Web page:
Wiktionary talk:Requested entries (Latin)

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Latin translation wanted![edit]

Help translate these Latin words found in species names! Many of the most commonly used Latin words found in species names do not have English translations on Wiktionary.

Please feel free to treat these pages as wiki pages and make edits, comments, strike-thrus, etc. I won't be re-uploading them (they are not "live").

The species included are only the ones evaluated for the IUCN Red List (including Least Concern species), so it is nowhere near comprehensive, but is a good place to start. Counts are also slightly wonky at times. Pengo 07:28, 4 December 2006 (UTC)

distalis[edit]

distālis (~distant?)

I can't find this anywhere in Classical, Late, or Medieval Latin. The only lead I've found at all suggests that it's actually adverbial, so the original form might be distale with distalis as a later back formation. However, I haven't found distale in any source either. --EncycloPetey 04:01, 7 September 2009 (UTC)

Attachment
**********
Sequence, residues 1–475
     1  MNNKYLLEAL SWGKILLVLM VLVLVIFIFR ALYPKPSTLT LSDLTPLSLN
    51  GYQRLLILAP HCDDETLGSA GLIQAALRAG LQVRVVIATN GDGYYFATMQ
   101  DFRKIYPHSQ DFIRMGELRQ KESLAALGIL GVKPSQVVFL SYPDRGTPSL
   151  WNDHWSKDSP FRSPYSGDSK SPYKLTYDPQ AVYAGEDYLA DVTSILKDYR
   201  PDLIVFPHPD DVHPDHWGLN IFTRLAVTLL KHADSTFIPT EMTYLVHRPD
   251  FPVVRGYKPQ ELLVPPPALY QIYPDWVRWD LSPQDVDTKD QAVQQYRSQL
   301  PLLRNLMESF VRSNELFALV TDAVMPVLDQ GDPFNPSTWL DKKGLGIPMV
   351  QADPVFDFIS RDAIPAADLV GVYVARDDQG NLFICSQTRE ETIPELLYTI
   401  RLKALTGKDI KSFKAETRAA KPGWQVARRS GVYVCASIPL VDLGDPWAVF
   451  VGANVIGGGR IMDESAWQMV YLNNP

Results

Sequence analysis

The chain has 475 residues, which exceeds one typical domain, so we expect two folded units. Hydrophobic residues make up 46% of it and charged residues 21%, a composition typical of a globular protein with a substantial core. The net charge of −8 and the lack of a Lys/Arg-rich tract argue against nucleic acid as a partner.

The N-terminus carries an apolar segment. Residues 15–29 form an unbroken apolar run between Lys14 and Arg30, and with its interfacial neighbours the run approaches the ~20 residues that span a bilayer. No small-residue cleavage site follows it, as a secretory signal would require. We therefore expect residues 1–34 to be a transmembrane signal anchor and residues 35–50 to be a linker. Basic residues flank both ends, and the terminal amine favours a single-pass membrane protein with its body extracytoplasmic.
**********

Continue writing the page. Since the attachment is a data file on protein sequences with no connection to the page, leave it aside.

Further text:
molliare[edit]

molliare - Vulgar Latin

I find molliō (make soft) (present active infinitive mollīre) and I find mulliat (he makes wet, he soaks) (the only attested form of the presumed verb mulliō), but I do not find molliare. --EncycloPetey 04:16, 7 September 2009 (UTC)

perexsuctum[edit]

perexsuctum

I cannot find perexsuctum in any reliable Latin source for Classical, Late, or Medieval Latin. The only place I find it is in etymological dictionaries that claim it is the source word for prosciutto, but the meaning they give is wrong. The word in Latin for "completely dry up" is perexsicco, not *perexsugo (which would be the base verb for the hypothetical *perexsuctum) and which would mean "completely suck up". I think perexsuctum is an error that was copied from dictionary to dictionary. --EncycloPetey 03:29, 20 April 2010 (UTC)

"Exsuctus" was used in Classical Latin as a participial adjective meaning "dry", "sucked up". --Excelsius